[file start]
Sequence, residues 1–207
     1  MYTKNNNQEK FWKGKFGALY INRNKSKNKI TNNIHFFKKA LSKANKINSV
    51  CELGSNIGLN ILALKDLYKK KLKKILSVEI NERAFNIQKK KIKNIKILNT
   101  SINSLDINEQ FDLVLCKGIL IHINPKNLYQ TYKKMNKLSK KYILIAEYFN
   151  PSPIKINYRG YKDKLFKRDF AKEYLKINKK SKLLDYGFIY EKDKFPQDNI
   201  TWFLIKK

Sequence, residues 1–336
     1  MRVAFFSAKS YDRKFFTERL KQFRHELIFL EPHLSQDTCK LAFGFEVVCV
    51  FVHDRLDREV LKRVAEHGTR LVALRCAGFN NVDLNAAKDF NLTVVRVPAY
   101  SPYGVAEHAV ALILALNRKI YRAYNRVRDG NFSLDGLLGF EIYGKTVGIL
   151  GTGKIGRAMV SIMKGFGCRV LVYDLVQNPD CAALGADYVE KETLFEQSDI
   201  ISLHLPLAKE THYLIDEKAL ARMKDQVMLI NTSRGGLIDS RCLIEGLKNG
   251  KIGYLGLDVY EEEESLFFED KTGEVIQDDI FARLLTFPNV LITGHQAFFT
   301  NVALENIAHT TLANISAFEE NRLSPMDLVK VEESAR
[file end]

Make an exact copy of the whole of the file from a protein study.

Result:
Sequence, residues 1–207
     1  MYTKNNNQEK FWKGKFGALY INRNKSKNKI TNNIHFFKKA LSKANKINSV
    51  CELGSNIGLN ILALKDLYKK KLKKILSVEI NERAFNIQKK KIKNIKILNT
   101  SINSLDINEQ FDLVLCKGIL IHINPKNLYQ TYKKMNKLSK KYILIAEYFN
   151  PSPIKINYRG YKDKLFKRDF AKEYLKINKK SKLLDYGFIY EKDKFPQDNI
   201  TWFLIKK

Sequence, residues 1–336
     1  MRVAFFSAKS YDRKFFTERL KQFRHELIFL EPHLSQDTCK LAFGFEVVCV
    51  FVHDRLDREV LKRVAEHGTR LVALRCAGFN NVDLNAAKDF NLTVVRVPAY
   101  SPYGVAEHAV ALILALNRKI YRAYNRVRDG NFSLDGLLGF EIYGKTVGIL
   151  GTGKIGRAMV SIMKGFGCRV LVYDLVQNPD CAALGADYVE KETLFEQSDI
   201  ISLHLPLAKE THYLIDEKAL ARMKDQVMLI NTSRGGLIDS RCLIEGLKNG
   251  KIGYLGLDVY EEEESLFFED KTGEVIQDDI FARLLTFPNV LITGHQAFFT
   301  NVALENIAHT TLANISAFEE NRLSPMDLVK VEESAR